Petra Reyna One Hawk, a member of the Standing Rock Sioux Tribe and a student in the Master of Public Health program, will work at the center through a graduate assistantship. “I know firsthand some of the struggles we have on the reservation,” she said. “In our family, we have always believed in education, so I see this as an opportunity to learn and to achieve some of the goals others and I have for our communities to overcome some of those struggles.”
A committee of representatives from each of the four tribes in North Dakota and the National Indian Health Board will advise the center. The advisory committee will ensure center activities respond appropriately to the public health needs of tribal communities and identify opportunities for future activities.
"Many of the health challenges Tribal Nations in North Dakota face can be addressed early on through quality research, programming, policy and ultimately work in tribal communities,” said Scott Davis, executive director of the North Dakota Indian Affairs Commission. “The center will provide our regional Tribal Nations a huge needed resource in combating those health challenges for today and tomorrow. It is definitely a game changer.”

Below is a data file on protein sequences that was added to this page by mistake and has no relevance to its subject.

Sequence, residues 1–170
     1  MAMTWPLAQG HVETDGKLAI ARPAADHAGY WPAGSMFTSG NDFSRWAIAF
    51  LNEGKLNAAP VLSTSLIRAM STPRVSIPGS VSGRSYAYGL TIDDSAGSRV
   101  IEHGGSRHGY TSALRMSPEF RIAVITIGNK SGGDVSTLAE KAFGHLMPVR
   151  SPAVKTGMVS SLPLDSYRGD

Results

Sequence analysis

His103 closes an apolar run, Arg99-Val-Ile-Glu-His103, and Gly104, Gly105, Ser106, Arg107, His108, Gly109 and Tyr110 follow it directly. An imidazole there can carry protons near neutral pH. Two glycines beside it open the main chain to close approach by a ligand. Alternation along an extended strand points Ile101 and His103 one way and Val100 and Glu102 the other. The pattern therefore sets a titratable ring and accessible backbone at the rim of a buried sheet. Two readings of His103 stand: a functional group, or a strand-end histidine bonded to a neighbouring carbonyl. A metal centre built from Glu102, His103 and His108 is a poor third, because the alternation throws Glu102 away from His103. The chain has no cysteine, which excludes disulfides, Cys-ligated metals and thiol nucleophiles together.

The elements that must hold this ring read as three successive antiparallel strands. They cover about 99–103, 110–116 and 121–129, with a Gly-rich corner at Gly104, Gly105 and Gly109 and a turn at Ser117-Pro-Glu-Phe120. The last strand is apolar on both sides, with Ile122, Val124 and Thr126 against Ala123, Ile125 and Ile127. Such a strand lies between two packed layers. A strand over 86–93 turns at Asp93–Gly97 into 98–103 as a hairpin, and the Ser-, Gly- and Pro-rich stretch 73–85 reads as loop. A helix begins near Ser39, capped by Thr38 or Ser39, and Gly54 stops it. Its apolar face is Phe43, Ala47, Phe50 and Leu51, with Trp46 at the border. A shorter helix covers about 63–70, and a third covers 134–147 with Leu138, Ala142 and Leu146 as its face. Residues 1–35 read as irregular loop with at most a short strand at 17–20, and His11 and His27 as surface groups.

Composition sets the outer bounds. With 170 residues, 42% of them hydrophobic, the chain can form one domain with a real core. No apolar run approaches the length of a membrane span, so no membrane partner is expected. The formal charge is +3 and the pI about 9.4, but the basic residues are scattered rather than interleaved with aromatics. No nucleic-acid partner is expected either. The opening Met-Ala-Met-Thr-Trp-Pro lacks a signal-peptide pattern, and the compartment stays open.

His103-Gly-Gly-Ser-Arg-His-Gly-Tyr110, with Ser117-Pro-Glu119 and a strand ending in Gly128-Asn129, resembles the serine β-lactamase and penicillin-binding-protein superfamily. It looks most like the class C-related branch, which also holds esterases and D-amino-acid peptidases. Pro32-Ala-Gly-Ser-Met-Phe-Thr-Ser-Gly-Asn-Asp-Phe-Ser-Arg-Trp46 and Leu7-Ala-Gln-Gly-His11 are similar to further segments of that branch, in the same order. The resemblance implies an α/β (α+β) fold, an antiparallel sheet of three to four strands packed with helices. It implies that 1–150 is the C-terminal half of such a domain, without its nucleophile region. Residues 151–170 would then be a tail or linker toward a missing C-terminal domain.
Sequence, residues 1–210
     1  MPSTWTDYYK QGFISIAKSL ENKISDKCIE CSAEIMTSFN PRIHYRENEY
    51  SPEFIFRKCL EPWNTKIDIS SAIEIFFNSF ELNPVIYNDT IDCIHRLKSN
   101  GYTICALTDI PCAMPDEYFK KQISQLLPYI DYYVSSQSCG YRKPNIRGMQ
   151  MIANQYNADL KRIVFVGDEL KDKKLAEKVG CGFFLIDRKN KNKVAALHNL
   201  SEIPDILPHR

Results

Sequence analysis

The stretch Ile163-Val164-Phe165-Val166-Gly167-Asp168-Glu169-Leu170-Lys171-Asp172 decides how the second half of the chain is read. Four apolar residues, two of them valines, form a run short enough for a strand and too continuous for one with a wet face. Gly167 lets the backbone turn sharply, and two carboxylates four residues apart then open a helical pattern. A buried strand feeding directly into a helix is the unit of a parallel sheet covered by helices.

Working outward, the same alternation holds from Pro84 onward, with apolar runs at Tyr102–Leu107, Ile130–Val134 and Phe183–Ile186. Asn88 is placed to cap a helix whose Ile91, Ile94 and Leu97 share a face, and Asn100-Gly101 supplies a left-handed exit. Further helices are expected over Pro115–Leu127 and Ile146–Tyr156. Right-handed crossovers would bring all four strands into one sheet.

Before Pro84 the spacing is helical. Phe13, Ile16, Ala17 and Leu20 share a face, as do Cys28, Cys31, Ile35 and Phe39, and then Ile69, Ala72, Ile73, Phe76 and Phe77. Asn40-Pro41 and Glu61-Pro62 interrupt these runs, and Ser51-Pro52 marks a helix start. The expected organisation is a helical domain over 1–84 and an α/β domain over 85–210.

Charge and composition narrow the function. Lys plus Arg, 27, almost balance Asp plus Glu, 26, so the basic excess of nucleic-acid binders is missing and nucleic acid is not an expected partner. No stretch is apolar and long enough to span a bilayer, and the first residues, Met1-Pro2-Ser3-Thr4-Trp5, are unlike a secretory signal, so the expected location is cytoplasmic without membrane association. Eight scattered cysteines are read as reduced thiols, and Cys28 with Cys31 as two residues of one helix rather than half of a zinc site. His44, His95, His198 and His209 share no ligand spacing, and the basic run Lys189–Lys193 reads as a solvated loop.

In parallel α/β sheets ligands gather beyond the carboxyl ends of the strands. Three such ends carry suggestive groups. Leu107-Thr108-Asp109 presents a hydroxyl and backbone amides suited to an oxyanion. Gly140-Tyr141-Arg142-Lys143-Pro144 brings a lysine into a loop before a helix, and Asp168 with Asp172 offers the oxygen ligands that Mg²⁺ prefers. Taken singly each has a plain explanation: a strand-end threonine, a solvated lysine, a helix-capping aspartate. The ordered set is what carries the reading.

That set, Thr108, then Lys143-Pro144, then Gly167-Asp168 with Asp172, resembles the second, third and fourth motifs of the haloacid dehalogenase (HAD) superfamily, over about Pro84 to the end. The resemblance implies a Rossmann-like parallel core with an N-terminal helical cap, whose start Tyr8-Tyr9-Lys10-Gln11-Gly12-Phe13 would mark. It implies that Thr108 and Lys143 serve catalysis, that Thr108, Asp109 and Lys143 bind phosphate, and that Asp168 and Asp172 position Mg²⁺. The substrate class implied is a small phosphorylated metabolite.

NDSU is recognized as one of the nation's top 108 public and private universities by the Carnegie Commission on Higher Education.
The Helmsley Charitable Trust aspires to improve lives by supporting effective nonprofits in a variety of selected areas. Since 2008, when the Trust began its active grantmaking, it has committed more than $1 billion to a wide range of charitable organizations. The Trust’s Rural Healthcare Program funds innovative projects that use information technologies to connect rural patients to emergency medical care, bring the latest medical therapies to patients in remote areas and provide state-of-the-art training for rural hospitals and EMS personnel. To date, this program has awarded more than $217 million to organizations and initiatives in the upper Midwest states of North Dakota, South Dakota, Nebraska, Wyoming, Minnesota, Iowa and Montana. For more information on the Trust and its programs, visit www.helmsleytrust.org.